TORONTO (Reuters)- The Royal Canadian Mint is missing about C$18.8 million ($16.2 million) worth of gold and has not ruled out theft even as it continues to try to solve the mystery, according to an official on Tuesday.
An independent review by of the Mint’s records found a discrepancy of 17,500 troy ounces of gold -- worth about C$18.8 million at current prices -- between the Mint’s accounting and its physical count of precious metal done at the end of 2008.
The Mint refines 5.4 million troy ounces of gold a year, turning raw metal and scrap jewelry into 400-ounce bars.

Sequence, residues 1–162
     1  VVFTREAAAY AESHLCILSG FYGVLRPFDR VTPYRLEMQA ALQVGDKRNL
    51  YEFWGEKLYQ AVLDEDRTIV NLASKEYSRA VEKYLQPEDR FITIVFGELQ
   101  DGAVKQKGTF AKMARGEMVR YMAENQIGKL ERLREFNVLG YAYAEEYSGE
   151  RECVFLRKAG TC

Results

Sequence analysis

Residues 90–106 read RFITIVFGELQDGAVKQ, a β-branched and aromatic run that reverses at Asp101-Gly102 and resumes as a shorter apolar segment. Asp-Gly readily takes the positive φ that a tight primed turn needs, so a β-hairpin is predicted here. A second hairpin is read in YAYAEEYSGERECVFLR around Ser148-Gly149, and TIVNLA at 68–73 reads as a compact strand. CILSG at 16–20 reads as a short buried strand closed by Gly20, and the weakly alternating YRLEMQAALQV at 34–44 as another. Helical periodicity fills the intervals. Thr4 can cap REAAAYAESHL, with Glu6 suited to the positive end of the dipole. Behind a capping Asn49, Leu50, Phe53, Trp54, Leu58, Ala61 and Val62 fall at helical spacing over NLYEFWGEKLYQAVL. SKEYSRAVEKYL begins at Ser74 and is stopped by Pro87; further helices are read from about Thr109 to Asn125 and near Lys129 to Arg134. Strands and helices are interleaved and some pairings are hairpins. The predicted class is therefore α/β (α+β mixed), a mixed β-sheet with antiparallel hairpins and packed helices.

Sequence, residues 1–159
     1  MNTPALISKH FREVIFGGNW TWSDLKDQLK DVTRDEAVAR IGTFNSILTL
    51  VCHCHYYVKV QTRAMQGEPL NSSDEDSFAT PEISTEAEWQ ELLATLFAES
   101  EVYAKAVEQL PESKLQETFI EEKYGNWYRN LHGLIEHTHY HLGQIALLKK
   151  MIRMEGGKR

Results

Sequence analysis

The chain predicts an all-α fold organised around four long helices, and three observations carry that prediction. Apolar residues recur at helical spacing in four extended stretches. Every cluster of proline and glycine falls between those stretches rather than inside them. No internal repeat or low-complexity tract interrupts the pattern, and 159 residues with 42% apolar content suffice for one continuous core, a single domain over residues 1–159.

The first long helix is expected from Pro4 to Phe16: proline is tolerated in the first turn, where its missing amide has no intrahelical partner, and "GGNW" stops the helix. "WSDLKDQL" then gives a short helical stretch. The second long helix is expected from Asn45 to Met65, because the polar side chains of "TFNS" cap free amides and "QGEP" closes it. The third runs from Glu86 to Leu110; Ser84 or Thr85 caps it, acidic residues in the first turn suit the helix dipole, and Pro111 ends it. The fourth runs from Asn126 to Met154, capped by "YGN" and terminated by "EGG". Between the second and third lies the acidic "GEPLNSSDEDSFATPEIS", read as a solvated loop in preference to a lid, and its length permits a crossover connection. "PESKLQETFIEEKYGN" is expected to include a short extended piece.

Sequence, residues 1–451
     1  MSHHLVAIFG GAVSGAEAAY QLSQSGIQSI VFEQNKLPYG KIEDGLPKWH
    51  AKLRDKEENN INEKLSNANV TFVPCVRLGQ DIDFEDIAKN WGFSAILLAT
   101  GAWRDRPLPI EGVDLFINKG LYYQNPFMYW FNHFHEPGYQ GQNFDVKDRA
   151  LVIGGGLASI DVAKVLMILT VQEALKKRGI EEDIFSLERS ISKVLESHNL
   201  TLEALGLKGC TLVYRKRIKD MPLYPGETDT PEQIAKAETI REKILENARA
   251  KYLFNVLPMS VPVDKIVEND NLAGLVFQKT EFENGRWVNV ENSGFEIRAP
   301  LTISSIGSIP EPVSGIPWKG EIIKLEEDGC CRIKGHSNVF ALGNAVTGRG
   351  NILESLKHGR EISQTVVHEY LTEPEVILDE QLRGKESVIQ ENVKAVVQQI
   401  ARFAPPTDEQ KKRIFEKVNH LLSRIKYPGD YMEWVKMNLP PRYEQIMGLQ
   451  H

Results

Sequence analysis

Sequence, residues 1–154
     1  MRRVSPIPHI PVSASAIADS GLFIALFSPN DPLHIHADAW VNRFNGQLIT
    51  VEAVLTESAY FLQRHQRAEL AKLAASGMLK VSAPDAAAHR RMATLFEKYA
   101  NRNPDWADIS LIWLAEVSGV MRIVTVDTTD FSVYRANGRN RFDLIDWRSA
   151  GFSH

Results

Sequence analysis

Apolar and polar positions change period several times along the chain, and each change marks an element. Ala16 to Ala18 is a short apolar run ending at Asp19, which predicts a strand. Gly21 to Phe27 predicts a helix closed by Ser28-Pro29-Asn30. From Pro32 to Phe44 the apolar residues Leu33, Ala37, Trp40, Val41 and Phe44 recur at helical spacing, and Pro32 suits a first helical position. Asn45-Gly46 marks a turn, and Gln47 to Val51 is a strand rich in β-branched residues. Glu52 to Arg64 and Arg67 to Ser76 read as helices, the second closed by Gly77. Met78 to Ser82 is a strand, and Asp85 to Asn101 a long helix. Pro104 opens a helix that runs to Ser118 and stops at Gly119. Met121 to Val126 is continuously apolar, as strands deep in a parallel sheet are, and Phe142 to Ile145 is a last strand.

The Mint alerted the Royal Canadian Mounted Police about the missing gold on June 9, but the RCMP has not decided whether it would launch an investigation, a spokeswoman for the Mint said.
“All possible explanations for the inventory difference need to be investigated,” the Mint said on its Web site.
In a joint statement Monday night, Transport Minister John Baird and Minister of State for Transport Rob Merrifield said Mint executives won’t get any bonuses until the matter is resolved, according to the Globe and Mail newspaper.
“The Mint’s still unexplained loss of precious metals is inexcusable,” the ministers are quoted as saying. “The mint will be accountable.”
Reporting by Louise Egan and Nina Lex; Editing by Frank McGurty